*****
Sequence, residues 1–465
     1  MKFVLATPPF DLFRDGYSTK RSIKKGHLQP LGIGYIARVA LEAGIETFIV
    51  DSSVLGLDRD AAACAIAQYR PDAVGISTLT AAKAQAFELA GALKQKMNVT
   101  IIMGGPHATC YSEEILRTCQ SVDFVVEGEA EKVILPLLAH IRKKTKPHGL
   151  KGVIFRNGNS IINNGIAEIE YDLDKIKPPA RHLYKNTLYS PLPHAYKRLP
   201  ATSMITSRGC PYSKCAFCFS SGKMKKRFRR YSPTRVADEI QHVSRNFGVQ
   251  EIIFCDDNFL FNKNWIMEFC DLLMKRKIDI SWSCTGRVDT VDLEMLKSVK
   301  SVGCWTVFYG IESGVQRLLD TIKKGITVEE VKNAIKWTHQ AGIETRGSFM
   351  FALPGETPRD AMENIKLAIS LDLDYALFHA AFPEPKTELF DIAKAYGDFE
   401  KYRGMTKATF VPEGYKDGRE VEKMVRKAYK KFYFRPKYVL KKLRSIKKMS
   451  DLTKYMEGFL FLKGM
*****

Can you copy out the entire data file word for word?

Sequence, residues 1–465
     1  MKFVLATPPF DLFRDGYSTK RSIKKGHLQP LGIGYIARVA LEAGIETFIV
    51  DSSVLGLDRD AAACAIAQYR PDAVGISTLT AAKAQAFELA GALKQKMNVT
   101  IIMGGPHATC YSEEILRTCQ SVDFVVEGEA EKVILPLLAH IRKKTKPHGL
   151  KGVIFRNGNS IINNGIAEIE YDLDKIKPPA RHLYKNTLYS PLPHAYKRLP
   201  ATSMITSRGC PYSKCAFCFS SGKMKKRFRR YSPTRVADEI QHVSRNFGVQ
   251  EIIFCDDNFL FNKNWIMEFC DLLMKRKIDI SWSCTGRVDT VDLEMLKSVK
   301  SVGCWTVFYG IESGVQRLLD TIKKGITVEE VKNAIKWTHQ AGIETRGSFM
   351  FALPGETPRD AMENIKLAIS LDLDYALFHA AFPEPKTELF DIAKAYGDFE
   401  KYRGMTKATF VPEGYKDGRE VEKMVRKAYK KFYFRPKYVL KKLRSIKKMS
   451  DLTKYMEGFL FLKGM